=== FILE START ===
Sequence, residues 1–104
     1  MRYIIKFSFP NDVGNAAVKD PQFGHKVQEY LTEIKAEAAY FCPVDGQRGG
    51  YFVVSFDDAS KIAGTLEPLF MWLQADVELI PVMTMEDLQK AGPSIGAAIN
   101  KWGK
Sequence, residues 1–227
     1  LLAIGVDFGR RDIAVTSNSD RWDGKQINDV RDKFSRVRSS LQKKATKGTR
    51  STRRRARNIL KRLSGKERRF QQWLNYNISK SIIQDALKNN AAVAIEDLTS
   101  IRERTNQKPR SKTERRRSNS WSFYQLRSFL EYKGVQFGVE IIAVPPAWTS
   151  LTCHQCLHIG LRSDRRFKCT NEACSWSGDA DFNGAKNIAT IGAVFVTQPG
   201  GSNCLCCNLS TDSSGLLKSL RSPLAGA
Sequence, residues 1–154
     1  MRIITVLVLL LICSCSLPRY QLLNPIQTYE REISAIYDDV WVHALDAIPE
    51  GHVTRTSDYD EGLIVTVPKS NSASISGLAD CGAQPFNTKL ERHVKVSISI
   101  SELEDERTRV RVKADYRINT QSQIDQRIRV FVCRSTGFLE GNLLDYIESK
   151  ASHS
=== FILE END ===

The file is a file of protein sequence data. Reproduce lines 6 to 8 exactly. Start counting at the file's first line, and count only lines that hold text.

     1  LLAIGVDFGR RDIAVTSNSD RWDGKQINDV RDKFSRVRSS LQKKATKGTR
    51  STRRRARNIL KRLSGKERRF QQWLNYNISK SIIQDALKNN AAVAIEDLTS
   101  IRERTNQKPR SKTERRRSNS WSFYQLRSFL EYKGVQFGVE IIAVPPAWTS